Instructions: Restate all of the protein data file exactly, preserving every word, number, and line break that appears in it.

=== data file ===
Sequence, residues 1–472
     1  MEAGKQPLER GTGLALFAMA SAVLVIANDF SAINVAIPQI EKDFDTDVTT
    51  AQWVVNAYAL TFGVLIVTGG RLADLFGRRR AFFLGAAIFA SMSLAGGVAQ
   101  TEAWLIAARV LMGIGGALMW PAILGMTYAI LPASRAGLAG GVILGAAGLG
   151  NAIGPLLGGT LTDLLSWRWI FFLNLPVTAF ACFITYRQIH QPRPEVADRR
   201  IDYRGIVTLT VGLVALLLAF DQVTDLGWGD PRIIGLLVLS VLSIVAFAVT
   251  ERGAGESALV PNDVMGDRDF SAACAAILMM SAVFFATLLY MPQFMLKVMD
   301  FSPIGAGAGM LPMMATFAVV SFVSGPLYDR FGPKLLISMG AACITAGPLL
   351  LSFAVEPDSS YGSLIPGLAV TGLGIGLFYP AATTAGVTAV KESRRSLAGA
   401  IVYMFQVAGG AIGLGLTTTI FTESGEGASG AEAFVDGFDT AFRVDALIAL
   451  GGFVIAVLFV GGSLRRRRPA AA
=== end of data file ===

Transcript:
Sequence, residues 1–472
     1  MEAGKQPLER GTGLALFAMA SAVLVIANDF SAINVAIPQI EKDFDTDVTT
    51  AQWVVNAYAL TFGVLIVTGG RLADLFGRRR AFFLGAAIFA SMSLAGGVAQ
   101  TEAWLIAARV LMGIGGALMW PAILGMTYAI LPASRAGLAG GVILGAAGLG
   151  NAIGPLLGGT LTDLLSWRWI FFLNLPVTAF ACFITYRQIH QPRPEVADRR
   201  IDYRGIVTLT VGLVALLLAF DQVTDLGWGD PRIIGLLVLS VLSIVAFAVT
   251  ERGAGESALV PNDVMGDRDF SAACAAILMM SAVFFATLLY MPQFMLKVMD
   301  FSPIGAGAGM LPMMATFAVV SFVSGPLYDR FGPKLLISMG AACITAGPLL
   351  LSFAVEPDSS YGSLIPGLAV TGLGIGLFYP AATTAGVTAV KESRRSLAGA
   401  IVYMFQVAGG AIGLGLTTTI FTESGEGASG AEAFVDGFDT AFRVDALIAL
   451  GGFVIAVLFV GGSLRRRRPA AA